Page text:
ST. LOUIS -- The number that best defines Cardinals reliever Pat Neshek's season so far has been zero.
Neshek threw two scoreless innings in the Cardinals' 4-2 win over Arizona on Thursday night. That's 18 consecutive scoreless appearances for the sidearmer, covering 16 2/3 innings, the third-longest streak in the majors at the start of the day. It's been more than a month -- April 9 was the last time -- since he allowed a run. His ERA is down to 0.86.
Neshek's appearance, however, did provide him with one non-zero number. After the Cardinals tied the game in the sixth, they scored the go-ahead run in the seventh, which gave Neshek his first win -- and his first decision, for that matter -- in 23 appearances with the Cardinals.
"With relieving, that's kind of out of your hands," Neshek said. "You try to throw strikes, keep the game within reach and maybe our hitters will score. Tonight, they did."
It's been a dream start to the season for Neshek, who came to spring training as a non-roster player and earned a spot in the majors. At times, he seemed to be marveling after the game at just how well things have been going for him while struggling to find the words to describe what has happened, other than to say when you're going like this, it's an awful lot of fun.
"It's crazy," he said. "I don't know what the heck changed to give me those couple extra miles an hour, to make me trust my fastball. Something just clicked. It makes it a lot of fun when you're hitting 91, 92, 93 with my slider. God dang, it's a blast out there.
"When you're hitting your spots, throwing with that velocity, from my arm angle, with the deception, when you're hitting that spot, it's just a lot of fun."
The opposition may feel different.
"I don't think guys like facing him," manager Mike Matheny said. "Just watching the at-bats they take against him, righties and lefties. The velocity helps that. The changeup against lefties is working. The slider's always a tough pitch to pick up."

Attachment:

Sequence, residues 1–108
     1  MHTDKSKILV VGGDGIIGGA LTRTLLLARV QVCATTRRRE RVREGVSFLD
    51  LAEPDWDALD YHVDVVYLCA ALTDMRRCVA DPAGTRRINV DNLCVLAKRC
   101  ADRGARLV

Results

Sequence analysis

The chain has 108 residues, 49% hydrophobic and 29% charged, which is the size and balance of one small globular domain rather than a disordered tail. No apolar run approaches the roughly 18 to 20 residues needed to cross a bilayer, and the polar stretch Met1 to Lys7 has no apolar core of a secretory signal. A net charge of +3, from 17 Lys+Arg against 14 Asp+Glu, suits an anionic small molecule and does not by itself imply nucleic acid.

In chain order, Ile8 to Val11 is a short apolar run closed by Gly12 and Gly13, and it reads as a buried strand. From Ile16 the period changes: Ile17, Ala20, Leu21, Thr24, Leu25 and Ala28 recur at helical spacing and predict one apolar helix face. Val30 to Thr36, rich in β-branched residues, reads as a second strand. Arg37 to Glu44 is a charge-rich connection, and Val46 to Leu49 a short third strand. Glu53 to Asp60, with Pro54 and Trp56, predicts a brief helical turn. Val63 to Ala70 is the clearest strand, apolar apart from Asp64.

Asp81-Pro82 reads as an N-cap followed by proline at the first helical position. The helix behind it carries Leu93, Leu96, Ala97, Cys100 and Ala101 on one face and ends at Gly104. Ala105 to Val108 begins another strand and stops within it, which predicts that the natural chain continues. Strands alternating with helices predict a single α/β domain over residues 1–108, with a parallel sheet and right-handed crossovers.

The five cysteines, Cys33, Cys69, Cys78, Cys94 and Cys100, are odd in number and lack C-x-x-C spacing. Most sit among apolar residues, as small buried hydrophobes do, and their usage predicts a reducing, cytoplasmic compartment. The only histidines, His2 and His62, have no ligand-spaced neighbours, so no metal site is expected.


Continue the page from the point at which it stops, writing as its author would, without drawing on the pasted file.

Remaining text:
And best of all for the Cardinals, Neshek could throw two innings on Thursday. With Carlos Martinez needing a day off, Matheny turned to Neshek for two innings for just the second time this season, and he gave up just one hit while striking out two and working through the heart of the Diamondbacks' order. He neatly provided a bridge from starter Lance Lynn, who went six innings, to closer Trevor Rosenthal, who pitched a 1-2-3 ninth.
"That was a big, big outing for him and for us," Matheny said. "For him to throw those two innings in that part of the lineup, that was something we desperately needed. He had a great day."
"It's been a rough week," Neshek said. "I think I've been up just about every day except the off day, but my arm's responding great. I haven't really been too sore this year. I've been in the weight room. Everything's coming together."
The Diamondbacks were clearly in the no-fun column.
"First off," said first baseman Paul Goldschmidt, who struck out against Neshek in the eighth, "he's got good stuff. Second, it's just different. ... Nobody throws like Neshek. I haven't really seen that.
"He's got good stuff and good movement on his slider. I only saw one fastball today."
When Neshek signed with the Cardinals, he was prepared to do anything, and he still says he doesn't know what his job is in the bullpen.
"Everything," he said. "I don't even know. That's kind of what I signed up for, to come in to close games, come into blowouts, come into tie games. You never know what you're going to get. I've pitched in a lot of high-leverage situations. I feel like that's where I've excelled in the past. I always dreaded doing low-leverage stuff. Ugh. Hopefully, I'm gaining some trust and keep getting those innings."
As long as the zeroes keep coming, he certainly will.
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